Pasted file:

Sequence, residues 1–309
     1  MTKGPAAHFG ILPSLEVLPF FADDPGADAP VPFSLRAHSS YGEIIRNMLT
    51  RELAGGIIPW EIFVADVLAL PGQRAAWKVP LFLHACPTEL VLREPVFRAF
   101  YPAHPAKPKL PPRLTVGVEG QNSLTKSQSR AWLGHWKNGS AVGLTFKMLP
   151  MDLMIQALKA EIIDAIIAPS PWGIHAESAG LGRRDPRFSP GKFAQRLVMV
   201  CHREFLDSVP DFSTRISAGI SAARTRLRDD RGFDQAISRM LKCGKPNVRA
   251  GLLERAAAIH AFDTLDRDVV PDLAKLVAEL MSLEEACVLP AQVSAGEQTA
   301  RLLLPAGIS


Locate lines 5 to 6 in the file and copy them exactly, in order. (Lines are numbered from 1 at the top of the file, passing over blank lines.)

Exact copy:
   151  MDLMIQALKA EIIDAIIAPS PWGIHAESAG LGRRDPRFSP GKFAQRLVMV
   201  CHREFLDSVP DFSTRISAGI SAARTRLRDD RGFDQAISRM LKCGKPNVRA